Tiles are popular in Venezuela. This is at least partially due to our Spanish influences, but possibly it is also because tiles are cool to the touch and keeping cool is a priority in countries with warm weather.
One of my first encounters with Spanish tiles was in La Casa de la Señora Lucy. La Señora Lucy was Catalana an she was not only my mother’s closest friend but she was also my brother’s godmother. Back in the day and still today, being a godmother is a title of great importance in Venezuela. In the year 1952, Lucy moved from Barcelona to the same apartment building where my mother, grandmother and uncle lived. She lived with her husband and two children in an apartment that was heavily tiled.
A couple of months ago, we scored direct flights from Oakland to Barcelona for less than $400 (thank you Scott!). It was one of those deals that you can’t overthink, so we scheduled a 10 day trip to visit our Spanish friends.
First, we went to Bilboa. I didn’t know that Basque country had such a different cultural identity than the rest of Spain! So much so, that our basque friend corrected me when I referred to the Spanish language as “Español” instead of calling it “Castellano“. There were no Spanish tiles in Basque Country, but there were sturdy farm houses traditionally built with rocks and clay. We spent a couple of days admiring the cohesiveness of the architecture, off-roading in the mountains and eating croissants & coffee for 2 euros instead of the 12 dollars that we would have paid for them at home.
We arrived in Córdoba at six in the morning and it was already almost 80 degrees. Despite the heat, the Andalusia region was incredibly beautiful. Visiting La Mezquita was one of the highlights of the trip. This amazing tourist attraction was definitely worth the 10 euros that we tried to avoid paying when we followed our friend’s advice and pretended to be locals with free admission tickets. Besides the architecture, the cool thing about La Mezquita is its eclectic combination of Muslim and Catholic styles.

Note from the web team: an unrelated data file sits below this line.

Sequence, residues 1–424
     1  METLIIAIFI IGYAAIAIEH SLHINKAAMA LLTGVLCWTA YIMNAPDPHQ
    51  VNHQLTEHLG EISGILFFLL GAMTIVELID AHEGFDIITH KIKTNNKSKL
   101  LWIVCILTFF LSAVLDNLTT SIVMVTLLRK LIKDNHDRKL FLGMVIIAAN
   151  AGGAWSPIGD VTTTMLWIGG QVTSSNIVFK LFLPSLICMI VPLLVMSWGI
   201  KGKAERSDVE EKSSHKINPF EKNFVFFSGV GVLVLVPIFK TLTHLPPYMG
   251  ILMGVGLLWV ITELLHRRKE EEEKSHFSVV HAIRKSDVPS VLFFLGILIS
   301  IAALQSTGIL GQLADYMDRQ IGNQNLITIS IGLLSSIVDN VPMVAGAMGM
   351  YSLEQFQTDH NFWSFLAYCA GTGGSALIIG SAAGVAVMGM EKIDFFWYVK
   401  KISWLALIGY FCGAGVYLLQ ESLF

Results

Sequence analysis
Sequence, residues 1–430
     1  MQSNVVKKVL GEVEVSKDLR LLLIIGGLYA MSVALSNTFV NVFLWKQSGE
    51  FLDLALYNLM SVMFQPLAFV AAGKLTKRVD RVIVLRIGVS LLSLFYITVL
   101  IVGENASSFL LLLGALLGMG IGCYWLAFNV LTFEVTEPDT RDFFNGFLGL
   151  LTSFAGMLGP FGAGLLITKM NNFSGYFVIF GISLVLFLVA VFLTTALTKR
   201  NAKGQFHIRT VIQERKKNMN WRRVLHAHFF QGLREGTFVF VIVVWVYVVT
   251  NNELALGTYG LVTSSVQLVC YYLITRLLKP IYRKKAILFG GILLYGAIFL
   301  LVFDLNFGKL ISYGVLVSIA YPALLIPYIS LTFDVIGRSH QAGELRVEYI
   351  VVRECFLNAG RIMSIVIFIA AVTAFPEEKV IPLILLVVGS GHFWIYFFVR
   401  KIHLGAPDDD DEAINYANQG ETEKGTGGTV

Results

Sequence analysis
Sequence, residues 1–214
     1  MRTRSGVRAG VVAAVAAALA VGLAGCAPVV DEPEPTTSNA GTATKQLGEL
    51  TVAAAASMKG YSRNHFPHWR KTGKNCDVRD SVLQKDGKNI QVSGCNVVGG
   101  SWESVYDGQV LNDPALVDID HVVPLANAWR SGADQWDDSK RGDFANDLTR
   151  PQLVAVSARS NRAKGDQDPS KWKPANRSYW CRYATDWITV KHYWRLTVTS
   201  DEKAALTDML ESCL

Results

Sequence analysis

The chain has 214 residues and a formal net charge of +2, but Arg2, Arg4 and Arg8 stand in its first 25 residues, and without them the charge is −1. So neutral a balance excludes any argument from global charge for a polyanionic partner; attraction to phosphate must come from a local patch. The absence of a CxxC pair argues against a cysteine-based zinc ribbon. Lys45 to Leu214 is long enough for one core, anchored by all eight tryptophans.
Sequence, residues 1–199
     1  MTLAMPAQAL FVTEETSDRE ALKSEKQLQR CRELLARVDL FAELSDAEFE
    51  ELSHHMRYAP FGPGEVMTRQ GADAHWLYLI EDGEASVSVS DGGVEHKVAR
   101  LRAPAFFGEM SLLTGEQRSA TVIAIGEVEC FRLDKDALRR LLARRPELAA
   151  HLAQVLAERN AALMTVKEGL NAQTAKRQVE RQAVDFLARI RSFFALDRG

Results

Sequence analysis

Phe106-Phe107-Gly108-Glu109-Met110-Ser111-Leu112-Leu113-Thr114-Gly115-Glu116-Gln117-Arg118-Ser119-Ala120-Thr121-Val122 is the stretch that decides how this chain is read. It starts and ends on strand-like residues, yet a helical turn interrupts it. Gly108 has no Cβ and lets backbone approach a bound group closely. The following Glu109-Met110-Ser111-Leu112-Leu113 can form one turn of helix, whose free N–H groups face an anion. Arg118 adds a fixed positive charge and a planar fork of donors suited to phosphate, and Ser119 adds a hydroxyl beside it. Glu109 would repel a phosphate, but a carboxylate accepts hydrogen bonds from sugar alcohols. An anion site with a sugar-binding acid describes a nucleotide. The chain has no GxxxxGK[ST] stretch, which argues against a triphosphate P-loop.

In the year 784 Muslin Rulers ordered the construction of a Great Mosque in the place of a Christian basilica, then a few things happened and about 500 years later, Córdoba returned to Christian ruling and the building was converted into a Roman church (thanks to wikipedia for validating my memory). I loved walking around the aesthetically pleasing results of this cultural stew, drinking beers in order to survive the heat.
Spanish culture is very different from one region to another. Córdoba, for example is heavily influenced by the Arab world. You can see the arabic impact even in the metallic tones and glazed finish of their tiles. The tiles that we saw in restaurants and homes in Barcelona (Catalunya region), usually didn’t have the oxidized metals that give tiles that luster touch in Córdoba.
Aziz Ansari might think that there is nothing more boring than tiles. I was too, surprised by my fascination by them specially after watching Pino’s boring tile-talk (#tiletalk) in Episode 9 of Master of None. But what makes Spanish tiles interesting is not the quality of their finish or the vibrancy of their colors, but the diversity of their origin.
From the dry basque cider that only certified servers are allowed to pour at a bar, to the marvelous tiles in park Güell in Barcelona, in Spain you can experience exciting results of cultural multiplicity.
Disclaimer! The first photo is from Portugal, not Spain 🙂 All other photos were taken by either Nicholas Lacampagne, a passerby or by me.